In a statement issued on Thursday, Rosatom said Reactor 5 of Kursk NPP, a four-reactor station in Kursk Region in Western European Russia, will never be finished and taken online. The Russian daily Vedomosti cites Rosatom’s press release (in Russian) as explaining completion of this reactor “of Fukushima type” would incur reputational risks for the corporation.
The statement quotes Rosatom’s head Sergei Kiriyenko as saying Russia “cannot afford completing and taking online a reactor of such [type]” – not after the tragedy at Japan’s Fukushima Nuclear Power Plant, which prompted a more rigorous approach to nuclear reactors’ safety standards.
“This [would be] reputationally wrong,” Kiriyenko said, according to Rosatom’s press service as cited by Vedomosti.
Indeed, Rosatom’s reputation here may be something of an issue. To be sure, the Russian RBMK design – the same that exploded at Chernobyl in 1986 – is not exactly of Fukushima type. In operation at Japan’s now destroyed Fukushima Nuclear Power Plant were five boiling water reactors of General Electric’s Mark I design (and one Mark II reactor). RBMKs, also a boiling water variety, are graphite-moderated reactors. Though the two series share certain very basic characteristics – such as that they are both single-circuit and use water for coolant and to generate steam inside the reactor core – they are also quite different, the graphite stacks in RBMKs and fuel assembly design and individual placement being two prominent give-aways. A quick Google search will reveal the two types are quite distinct in design.
These differences aside, one could still detect logic in Kiriyenko’s statement. Rosatom had certainly made the right decision to shut down construction at Kursk. If there is any other common feature between Fukushima’s destroyed reactors and Chernobyl-type RBMKs is that both are morbidly obsolete, inherently flawed nuclear monstrosities with abominable safety records.
Oddly, that does not prevent Rosatom from keeping eleven RBMKs still online at three Russian nuclear power plants – some operating long after their engineered useful life terms expired.
Four such reactors are in operation at Kursk, three at Smolensk NPP, also in Western European Russia, and four more at Leningrad NPP, in Sosnovy Bor near Russia’s second largest city of St. Petersburg, in the country’s northwest. Millions of people reside within a mere hundred kilometers from these sites.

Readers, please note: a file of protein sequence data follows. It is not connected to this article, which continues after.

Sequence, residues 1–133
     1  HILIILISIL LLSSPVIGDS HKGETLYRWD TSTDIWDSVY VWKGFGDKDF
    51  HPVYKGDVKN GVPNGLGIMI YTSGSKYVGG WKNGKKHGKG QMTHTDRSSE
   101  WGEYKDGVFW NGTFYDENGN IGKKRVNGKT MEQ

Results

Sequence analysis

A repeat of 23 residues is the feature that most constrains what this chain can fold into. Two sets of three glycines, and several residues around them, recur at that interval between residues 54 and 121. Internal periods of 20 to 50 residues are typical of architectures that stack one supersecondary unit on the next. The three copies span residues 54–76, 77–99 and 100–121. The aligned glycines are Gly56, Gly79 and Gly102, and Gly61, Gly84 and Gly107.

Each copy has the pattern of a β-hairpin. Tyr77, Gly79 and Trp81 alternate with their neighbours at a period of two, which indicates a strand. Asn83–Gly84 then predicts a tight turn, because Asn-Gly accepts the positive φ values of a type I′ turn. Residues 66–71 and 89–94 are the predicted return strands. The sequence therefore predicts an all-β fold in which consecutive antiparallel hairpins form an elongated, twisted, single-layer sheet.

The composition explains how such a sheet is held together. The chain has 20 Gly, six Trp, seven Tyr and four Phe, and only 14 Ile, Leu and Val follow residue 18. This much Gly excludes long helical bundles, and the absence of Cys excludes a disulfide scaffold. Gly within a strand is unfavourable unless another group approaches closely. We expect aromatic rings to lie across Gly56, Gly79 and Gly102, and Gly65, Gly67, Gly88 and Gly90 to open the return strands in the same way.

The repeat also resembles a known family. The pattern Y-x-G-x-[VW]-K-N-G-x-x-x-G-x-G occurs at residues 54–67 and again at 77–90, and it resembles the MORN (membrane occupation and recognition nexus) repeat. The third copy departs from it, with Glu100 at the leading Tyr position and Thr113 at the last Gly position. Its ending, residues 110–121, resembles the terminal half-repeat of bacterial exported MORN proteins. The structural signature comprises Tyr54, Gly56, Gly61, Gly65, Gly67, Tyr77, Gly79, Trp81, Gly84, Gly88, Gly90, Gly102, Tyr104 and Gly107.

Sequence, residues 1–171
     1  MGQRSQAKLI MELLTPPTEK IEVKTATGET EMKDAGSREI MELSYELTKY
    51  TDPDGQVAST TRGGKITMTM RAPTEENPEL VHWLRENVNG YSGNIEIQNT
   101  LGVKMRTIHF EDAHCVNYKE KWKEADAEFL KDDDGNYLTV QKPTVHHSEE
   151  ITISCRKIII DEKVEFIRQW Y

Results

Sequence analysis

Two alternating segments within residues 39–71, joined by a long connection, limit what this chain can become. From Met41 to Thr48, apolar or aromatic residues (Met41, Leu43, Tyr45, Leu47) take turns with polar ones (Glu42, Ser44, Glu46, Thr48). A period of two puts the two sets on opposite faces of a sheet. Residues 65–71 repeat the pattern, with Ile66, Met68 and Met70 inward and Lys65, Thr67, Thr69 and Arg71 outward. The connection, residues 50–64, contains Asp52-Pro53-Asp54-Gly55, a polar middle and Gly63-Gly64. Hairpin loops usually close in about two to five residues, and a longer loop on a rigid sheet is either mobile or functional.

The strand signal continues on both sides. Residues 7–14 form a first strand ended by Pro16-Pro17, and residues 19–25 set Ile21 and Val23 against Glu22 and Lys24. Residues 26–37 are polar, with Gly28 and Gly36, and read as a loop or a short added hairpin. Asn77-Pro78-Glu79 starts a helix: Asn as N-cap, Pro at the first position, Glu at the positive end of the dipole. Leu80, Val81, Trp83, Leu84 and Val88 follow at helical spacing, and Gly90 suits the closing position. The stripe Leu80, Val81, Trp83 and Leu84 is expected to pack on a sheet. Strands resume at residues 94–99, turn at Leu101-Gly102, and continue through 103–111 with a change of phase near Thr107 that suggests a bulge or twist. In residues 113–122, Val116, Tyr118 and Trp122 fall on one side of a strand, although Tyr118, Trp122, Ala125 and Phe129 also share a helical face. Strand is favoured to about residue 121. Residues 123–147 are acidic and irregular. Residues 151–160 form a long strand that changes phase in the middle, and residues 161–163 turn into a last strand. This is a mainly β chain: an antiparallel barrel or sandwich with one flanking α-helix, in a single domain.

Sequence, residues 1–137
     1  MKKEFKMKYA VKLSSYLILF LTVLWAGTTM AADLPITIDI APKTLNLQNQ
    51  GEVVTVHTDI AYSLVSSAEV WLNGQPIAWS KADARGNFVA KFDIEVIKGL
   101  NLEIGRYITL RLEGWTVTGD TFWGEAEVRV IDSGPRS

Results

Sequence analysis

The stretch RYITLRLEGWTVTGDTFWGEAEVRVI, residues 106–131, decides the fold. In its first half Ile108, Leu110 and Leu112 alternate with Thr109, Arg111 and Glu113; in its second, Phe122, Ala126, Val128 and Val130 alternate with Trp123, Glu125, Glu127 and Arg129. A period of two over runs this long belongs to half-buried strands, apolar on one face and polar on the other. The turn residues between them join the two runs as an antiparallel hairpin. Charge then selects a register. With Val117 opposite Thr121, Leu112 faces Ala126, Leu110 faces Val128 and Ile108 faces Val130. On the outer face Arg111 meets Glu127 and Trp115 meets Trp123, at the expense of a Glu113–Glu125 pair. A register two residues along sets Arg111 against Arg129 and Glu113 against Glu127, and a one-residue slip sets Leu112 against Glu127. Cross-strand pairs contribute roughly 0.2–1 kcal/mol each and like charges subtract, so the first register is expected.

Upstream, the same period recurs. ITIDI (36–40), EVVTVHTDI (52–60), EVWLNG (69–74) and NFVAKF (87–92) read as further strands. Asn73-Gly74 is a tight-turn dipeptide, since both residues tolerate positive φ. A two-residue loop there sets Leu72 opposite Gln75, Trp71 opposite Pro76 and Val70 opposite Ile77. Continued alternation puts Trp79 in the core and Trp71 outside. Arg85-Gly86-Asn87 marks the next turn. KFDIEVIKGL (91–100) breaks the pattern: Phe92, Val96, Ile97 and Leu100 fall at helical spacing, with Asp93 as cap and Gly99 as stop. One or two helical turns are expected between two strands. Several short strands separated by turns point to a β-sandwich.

Continued operation of these aged reactors – the youngest were plugged into the grid at Leningrad NPP in the early 1970s – means simply extending an invitation for another Chernobyl… wait… Fukushima. But surely, should a grave accident occur, those living next to these power plants would care little which type or series a radiation-spewing reactor nearby belonged to.
The unfinished RBMK at Kursk, though it sustained certain modifications, is still the same model that blew up at Chernobyl, leading to one of the most severe radiation disasters in humankind’s history. Construction of Kursk’s fifth reactor started in late 1985; the main reactor equipment is now completed to 95 percent. It would seemingly speak to a corporation’s care to tend to its good name, forfeiting possible profits in the name of safety and swallowing up a loss of millions of roubles already invested in a project that is, furthermore, almost ready for launch. But does it?
Though the move to abandon Kursk’s fifth reactor project was just announced on March 1, it is said to have been a decided issue in Rosatom’s corridors for several years now. Local officials in Kursk NPP’s satellite town of Kurchatov were reportedly dragging the matter out, demanding funds to complete the construction. During his visit to Kursk NPP last February 29 – an event well covered by the press service (in Russian) of Russia’s NPP operator company Rosenergoatom – Kiriyenko apparently put the locals’ minds at ease by promising to start construction of a second line of Kursk NPP, a project that has long been under discussion.
Planned for construction at Kursk NPP-II is a more modern – though as yet untested in practical operation – VVER-1200 model. Rosenergoatom’s press release said the main issue that Kurchatov and Kursk Region residents have been anxiously waiting to hear about – construction of replacement capacities at Kursk NPP-II – is now settled: